The United States has asked the European Union to push back the compliance deadline for the new EU MDR requirements by three years, citing concerns that the world will lose access to the EU’s $125 million medical device market.
The new EU Medical Device Regulation (MDR) requires all medical device manufacturers doing business in Europe to comply by May 26, 2020. The deadline for a similar requirement for in vitro diagnostic devices (IVDR) is two years later.
Here’s a closer look at the concerns related to the EU MDR and IVDR requirements and what this could mean for manufacturers.
Why Is The U.S. Requesting More Time For EU MDR Compliance?
The EU MDR requires medical device manufacturers to certify both new and existing devices under a more stringent process to show proof of safety and effectiveness.
Because manufacturers of existing devices will need to show additional data to be recertified (and potentially undergo new clinical trials), many are re-evaluating their portfolios to determine which products to pursue first. Due to the cost and time involved in seeking recertification, manufacturers may decide to take some devices off the market.
On July 24, 2019, the U.S. issued a statement to the World Trade Organization’s Committee on Technical Barriers to Trade urging the EU to delay implementation of the MDR and IVDR, citing concerns that both are behind schedule. As a result, numerous medical devices and in vitro diagnostic devices in the EU could be taken off the market.
That could potentially include $20 billion in products supplied by the U.S.
The U.S. cited two specific concerns:
- There is an insufficient number of notified bodies to certify devices under the new regulations.
- The EU has drafted an insufficient number of the implementing acts needed to provide details about how the industry can ensure their products comply with new standards.
The U.S. asked the EU to provide an update on how many of the 58 notified bodies accredited to test and certify products will be approved to operate under the new MDR and IVDR.
The U.S. stated it expects only 12 notified bodies to be operational by the end of 2019, which is not enough to handle all the new regulatory approvals needed.
It also stated that only two of the 18 implementing regulations have been issued, so no one has been able to develop standards to help manufacturers comply with the new requirements.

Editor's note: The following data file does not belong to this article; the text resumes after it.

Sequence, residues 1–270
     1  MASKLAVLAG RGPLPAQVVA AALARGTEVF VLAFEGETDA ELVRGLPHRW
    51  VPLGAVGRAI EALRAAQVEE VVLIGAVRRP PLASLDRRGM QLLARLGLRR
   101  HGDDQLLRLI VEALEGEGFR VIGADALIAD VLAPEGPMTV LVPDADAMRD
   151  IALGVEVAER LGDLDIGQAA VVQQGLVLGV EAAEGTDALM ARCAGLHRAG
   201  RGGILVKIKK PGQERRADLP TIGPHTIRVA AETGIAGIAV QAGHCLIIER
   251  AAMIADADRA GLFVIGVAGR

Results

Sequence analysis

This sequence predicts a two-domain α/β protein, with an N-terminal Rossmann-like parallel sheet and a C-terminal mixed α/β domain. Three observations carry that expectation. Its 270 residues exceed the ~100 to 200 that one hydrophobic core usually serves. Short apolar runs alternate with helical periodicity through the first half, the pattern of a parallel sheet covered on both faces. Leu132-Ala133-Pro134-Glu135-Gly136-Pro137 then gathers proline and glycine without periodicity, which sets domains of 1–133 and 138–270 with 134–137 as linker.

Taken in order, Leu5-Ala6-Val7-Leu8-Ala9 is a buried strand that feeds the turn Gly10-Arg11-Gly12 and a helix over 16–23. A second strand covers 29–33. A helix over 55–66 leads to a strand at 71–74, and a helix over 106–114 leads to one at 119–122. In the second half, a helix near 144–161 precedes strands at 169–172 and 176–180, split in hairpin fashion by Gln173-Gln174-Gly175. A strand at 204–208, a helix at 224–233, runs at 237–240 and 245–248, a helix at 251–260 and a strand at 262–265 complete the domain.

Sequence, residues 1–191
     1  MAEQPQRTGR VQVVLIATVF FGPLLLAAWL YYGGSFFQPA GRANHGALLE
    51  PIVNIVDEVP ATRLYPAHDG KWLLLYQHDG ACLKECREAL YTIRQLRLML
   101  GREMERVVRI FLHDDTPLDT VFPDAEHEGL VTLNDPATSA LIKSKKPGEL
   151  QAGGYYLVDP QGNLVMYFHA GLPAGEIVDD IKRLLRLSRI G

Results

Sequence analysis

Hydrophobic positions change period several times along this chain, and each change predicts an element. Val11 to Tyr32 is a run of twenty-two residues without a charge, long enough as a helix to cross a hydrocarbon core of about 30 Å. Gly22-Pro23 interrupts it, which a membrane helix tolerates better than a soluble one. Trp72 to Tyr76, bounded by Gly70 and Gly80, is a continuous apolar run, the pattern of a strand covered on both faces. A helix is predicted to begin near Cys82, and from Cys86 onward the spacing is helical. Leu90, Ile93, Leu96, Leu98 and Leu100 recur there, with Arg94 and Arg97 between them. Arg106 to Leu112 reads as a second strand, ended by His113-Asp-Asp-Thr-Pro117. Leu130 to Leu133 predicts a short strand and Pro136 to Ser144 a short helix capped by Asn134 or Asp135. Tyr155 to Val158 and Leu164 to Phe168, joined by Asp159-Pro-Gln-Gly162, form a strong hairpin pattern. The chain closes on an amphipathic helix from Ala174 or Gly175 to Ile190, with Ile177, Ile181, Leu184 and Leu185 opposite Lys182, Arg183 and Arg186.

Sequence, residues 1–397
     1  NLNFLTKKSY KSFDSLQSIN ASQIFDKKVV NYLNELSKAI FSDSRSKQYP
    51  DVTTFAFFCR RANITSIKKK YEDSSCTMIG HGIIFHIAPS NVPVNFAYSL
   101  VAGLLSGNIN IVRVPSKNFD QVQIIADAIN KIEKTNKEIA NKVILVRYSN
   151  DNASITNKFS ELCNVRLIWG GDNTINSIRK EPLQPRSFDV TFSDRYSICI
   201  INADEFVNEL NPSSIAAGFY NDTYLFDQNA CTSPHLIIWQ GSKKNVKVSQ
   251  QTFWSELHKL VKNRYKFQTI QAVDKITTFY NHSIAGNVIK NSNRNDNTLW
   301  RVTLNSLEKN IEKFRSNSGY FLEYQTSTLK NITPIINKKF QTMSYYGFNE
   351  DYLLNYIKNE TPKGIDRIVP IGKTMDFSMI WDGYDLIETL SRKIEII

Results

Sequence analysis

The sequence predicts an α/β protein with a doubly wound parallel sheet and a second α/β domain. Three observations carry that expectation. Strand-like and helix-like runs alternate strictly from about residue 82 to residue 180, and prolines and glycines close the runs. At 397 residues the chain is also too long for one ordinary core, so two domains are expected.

Additionally, “the MDR and IVDR provisions for warehousing and a grace period, which are intended to provide transitional relief, are insufficient.
“Buyers and producers cannot predict demand, making it difficult to warehouse the right amount of product to meet that demand through the implementation delays,” the U.S. stated in its letter. “Moreover, warehousing is expensive, degradation is common with medical technology and the technology itself can quickly become obsolete.”
If it is not possible to delay the EU MDR and IVDR deadlines, the U.S. is asking to allow legacy products currently deemed safe to be sold on the market until 2024.
What This Means For Medical Device Manufacturers
At this time, there has been no formal response to the letter asking for a three-year implementation delay of the EU MDR and IVDR.
With less than nine months until the first deadline takes effect and a significant amount of work to be done, manufacturers cannot afford to wait in hopes of an extension.
They must take steps now to prepare, starting with a thorough assessment of their device portfolio.
Once they have determined which products need to be recertified first, they should work with an experienced medical device CRO to devise the best plan for data collection.
In some cases, a full-blown clinical trial may be necessary, but there are many other options that could be more cost-effective and efficient. For instance, they may be able to review existing literature or data from a public registry.
As the U.S. stated, the EU MDR and IVDR requirements have created substantial challenges for medical device manufacturers. The regulatory burdens are significant enough that they could result in some devices being taken off the market altogether. However, the driving force behind the EU MDR and IVDR is a commitment to patient safety, so these changes must be taken seriously.
Whether you’ve just begun to consider the implications of these new requirements or you have a clear path forward, IMARC Research can help you prepare for this transition and support you throughout it.